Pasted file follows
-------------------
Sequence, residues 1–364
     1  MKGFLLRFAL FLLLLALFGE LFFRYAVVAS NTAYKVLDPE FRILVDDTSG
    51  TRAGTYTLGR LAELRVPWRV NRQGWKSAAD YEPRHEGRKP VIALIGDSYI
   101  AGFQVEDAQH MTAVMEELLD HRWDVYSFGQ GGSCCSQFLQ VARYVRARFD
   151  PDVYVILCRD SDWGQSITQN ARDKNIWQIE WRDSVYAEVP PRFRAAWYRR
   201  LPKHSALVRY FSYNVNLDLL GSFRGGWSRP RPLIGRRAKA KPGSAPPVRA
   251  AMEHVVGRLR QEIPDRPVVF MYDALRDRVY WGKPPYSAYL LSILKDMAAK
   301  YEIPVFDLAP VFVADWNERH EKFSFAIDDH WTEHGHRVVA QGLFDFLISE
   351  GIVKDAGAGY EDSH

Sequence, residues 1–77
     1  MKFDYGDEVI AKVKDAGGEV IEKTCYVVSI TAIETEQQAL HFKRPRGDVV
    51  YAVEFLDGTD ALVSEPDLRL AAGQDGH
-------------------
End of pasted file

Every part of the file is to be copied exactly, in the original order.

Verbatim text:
Sequence, residues 1–364
     1  MKGFLLRFAL FLLLLALFGE LFFRYAVVAS NTAYKVLDPE FRILVDDTSG
    51  TRAGTYTLGR LAELRVPWRV NRQGWKSAAD YEPRHEGRKP VIALIGDSYI
   101  AGFQVEDAQH MTAVMEELLD HRWDVYSFGQ GGSCCSQFLQ VARYVRARFD
   151  PDVYVILCRD SDWGQSITQN ARDKNIWQIE WRDSVYAEVP PRFRAAWYRR
   201  LPKHSALVRY FSYNVNLDLL GSFRGGWSRP RPLIGRRAKA KPGSAPPVRA
   251  AMEHVVGRLR QEIPDRPVVF MYDALRDRVY WGKPPYSAYL LSILKDMAAK
   301  YEIPVFDLAP VFVADWNERH EKFSFAIDDH WTEHGHRVVA QGLFDFLISE
   351  GIVKDAGAGY EDSH

Sequence, residues 1–77
     1  MKFDYGDEVI AKVKDAGGEV IEKTCYVVSI TAIETEQQAL HFKRPRGDVV
    51  YAVEFLDGTD ALVSEPDLRL AAGQDGH